Likewise, an increase in the cooling setpoint can reduce unnecessary energy use and expenditures. The KIAC also recommended a decrease in energy use during hours of non-occupancy. Temperatures can be safely decreased in winter months, and increased in summer months, at times outside of normal operating hours for a further increase in energy efficiency and cost savings.
The KIAC discovered a few big opportunities for improving efficiency in terms of lighting in both facilities, and they have identified ways to reduce the costs of lighting, without sacrificing employee comfort. One way to do just that is to reconfigure the lights. Reducing the height of the lights while also reducing the number of lights means that the facilities will still have the same illumination profile overall, but less energy will be used. Similarly, all bulbs can be switched out for higher efficiency bulbs, namely LEDs, which use less energy and last much longer than traditional filament lightbulbs or fluorescent lamps.
Occupancy sensors offer another solution for energy savings. Less-traveled areas don’t need to be illuminated with any consistency outside of actual occupancy. In other words, these areas should only be illuminated when they need to be. The installation of occupancy sensors in these areas at both facilities has the potential to eliminate 92 tons of CO2 emissions per year overall.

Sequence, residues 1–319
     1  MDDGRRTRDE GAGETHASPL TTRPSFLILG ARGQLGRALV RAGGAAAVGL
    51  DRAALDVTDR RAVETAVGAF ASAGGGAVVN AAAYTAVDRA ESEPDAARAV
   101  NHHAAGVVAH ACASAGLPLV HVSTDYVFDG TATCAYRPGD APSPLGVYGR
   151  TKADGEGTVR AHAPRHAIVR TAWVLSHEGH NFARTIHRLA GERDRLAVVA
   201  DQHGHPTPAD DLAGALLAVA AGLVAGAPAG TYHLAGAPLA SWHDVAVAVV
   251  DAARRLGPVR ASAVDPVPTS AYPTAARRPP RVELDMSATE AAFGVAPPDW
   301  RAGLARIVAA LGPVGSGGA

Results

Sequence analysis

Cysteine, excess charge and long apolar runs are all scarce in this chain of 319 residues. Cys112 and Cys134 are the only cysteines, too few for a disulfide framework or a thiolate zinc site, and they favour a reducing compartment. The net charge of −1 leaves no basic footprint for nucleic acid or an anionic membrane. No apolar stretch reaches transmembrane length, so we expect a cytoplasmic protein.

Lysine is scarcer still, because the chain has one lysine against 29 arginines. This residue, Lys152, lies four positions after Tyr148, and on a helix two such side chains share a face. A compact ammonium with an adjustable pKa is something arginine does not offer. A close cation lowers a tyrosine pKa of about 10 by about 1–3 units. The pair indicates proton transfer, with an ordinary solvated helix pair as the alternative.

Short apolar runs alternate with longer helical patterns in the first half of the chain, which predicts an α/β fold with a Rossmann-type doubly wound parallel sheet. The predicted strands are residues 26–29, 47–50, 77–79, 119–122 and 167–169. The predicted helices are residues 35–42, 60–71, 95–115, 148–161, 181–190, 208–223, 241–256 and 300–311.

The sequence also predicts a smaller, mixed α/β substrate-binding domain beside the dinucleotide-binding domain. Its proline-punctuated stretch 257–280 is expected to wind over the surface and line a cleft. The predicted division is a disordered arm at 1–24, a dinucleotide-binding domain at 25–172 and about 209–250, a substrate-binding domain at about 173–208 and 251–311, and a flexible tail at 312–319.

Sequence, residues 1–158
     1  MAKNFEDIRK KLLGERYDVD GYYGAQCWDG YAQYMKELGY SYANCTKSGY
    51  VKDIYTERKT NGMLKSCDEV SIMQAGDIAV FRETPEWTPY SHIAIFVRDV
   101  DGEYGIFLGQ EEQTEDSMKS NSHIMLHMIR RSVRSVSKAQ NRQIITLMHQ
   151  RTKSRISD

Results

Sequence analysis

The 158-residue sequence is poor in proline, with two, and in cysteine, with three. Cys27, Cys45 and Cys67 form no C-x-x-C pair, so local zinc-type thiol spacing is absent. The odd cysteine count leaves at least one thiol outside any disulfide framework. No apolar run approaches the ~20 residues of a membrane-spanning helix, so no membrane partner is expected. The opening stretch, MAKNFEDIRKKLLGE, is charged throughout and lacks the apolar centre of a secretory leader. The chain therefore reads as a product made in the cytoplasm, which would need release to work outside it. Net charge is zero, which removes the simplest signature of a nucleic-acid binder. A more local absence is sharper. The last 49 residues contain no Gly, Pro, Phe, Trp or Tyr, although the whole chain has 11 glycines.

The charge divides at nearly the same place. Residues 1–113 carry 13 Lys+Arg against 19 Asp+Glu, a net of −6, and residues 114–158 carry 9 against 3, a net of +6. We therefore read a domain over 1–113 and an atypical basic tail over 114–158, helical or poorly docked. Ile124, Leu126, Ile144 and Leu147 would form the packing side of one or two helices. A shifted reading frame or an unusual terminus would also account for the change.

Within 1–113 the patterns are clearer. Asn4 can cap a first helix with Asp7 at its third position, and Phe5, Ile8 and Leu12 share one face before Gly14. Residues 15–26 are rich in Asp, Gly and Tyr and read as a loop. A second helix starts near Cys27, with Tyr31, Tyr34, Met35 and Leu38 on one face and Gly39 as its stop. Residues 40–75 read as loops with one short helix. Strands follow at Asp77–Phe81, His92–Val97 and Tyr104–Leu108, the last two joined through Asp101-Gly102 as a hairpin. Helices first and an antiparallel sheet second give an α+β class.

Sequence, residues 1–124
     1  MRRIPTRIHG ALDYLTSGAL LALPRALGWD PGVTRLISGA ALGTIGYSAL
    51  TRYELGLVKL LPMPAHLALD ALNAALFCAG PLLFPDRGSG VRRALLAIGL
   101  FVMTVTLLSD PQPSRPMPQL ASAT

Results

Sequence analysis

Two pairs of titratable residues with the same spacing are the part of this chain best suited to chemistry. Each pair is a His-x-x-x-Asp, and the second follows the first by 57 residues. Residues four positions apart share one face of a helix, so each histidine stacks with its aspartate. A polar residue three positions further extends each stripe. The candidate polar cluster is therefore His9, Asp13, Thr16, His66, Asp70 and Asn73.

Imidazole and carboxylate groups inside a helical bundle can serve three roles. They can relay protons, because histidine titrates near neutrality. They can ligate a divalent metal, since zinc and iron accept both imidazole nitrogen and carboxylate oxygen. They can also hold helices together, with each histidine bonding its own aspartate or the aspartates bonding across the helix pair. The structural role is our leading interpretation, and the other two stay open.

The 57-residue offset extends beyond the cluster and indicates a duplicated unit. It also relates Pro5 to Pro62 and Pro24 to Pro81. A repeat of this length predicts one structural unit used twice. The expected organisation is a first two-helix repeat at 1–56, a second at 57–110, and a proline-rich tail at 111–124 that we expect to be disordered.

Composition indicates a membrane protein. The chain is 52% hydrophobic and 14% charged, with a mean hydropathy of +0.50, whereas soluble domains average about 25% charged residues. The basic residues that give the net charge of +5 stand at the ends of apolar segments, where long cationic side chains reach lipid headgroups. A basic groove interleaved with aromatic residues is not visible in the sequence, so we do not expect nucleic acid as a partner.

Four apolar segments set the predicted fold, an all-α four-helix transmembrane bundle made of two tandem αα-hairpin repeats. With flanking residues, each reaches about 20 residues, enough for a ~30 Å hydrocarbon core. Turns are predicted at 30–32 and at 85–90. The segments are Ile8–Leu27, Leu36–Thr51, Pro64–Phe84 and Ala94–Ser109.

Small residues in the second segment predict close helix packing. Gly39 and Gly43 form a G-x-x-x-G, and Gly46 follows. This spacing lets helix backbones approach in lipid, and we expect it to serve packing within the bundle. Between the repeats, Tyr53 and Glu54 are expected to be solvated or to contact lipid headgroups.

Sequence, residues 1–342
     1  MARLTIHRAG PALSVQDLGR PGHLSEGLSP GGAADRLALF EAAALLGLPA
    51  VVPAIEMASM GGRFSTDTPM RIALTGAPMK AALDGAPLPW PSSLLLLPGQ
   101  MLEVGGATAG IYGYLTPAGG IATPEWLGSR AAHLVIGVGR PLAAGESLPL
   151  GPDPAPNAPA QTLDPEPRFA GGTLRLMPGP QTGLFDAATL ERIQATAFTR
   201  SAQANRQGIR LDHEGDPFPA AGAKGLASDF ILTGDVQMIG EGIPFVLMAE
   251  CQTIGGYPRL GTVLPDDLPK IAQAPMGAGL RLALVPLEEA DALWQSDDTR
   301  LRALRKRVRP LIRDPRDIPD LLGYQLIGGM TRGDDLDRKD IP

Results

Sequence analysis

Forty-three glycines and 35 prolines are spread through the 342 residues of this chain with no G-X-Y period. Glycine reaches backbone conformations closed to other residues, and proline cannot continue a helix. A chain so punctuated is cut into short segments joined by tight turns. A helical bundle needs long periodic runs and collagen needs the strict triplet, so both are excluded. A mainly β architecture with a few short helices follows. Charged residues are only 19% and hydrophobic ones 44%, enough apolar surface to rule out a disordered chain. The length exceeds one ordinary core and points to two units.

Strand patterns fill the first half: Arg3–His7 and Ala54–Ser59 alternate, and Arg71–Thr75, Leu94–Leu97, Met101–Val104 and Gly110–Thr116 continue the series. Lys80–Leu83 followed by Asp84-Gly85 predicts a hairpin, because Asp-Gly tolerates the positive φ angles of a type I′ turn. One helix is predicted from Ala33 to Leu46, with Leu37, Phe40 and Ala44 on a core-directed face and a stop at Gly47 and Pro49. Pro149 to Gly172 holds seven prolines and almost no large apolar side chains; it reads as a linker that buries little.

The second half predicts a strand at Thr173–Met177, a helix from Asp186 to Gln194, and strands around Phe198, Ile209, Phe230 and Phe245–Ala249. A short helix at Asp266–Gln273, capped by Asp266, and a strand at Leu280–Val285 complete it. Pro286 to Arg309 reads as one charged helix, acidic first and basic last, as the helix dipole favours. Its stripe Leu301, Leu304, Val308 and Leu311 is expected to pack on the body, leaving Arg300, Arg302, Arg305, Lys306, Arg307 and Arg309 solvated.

In the Cincinnati facility, the KIAC even identified an easily overlooked opportunity for improvement: the exit signs. It’s easy not to give much thought to these ubiquitous fixtures, however with 27 of them in the Cincinnati facility alone, and since these signs need to be illuminated 24/7, they were worth looking into. It turns out that replacing the lightbulbs in these signs with LEDs has the potential to mitigate 7 tons worth of CO2 emissions a year.
Motor Replacement Policy
Previously the policy regarding failed motors was to replace the old motor with the lowest cost option for a new motor. The KIAC has, however, determined that this might be a false economy. Their recommendation is for motors upon failure to be replaced with premium high-efficiency motors rather than the lowest-cost option. With a potential for increased operating lifespan as well as a decrease in overall energy consumption, this is actually a cost-saving measure even given the higher upfront cost.
The KIAC also identified several other opportunities for reducing energy use, cost, and carbon footprint while increasing efficiency. Simple routines such as closing bay doors can potentially eliminate 6 tons of CO2 emissions each year at the Louisville property. Similarly, establishing new routines about turning off production machines when they aren’t currently in use can reduce CO2 emissions by 3 tons annually. Refining these procedures can reduce energy use without any implementation costs.
Investment and Offset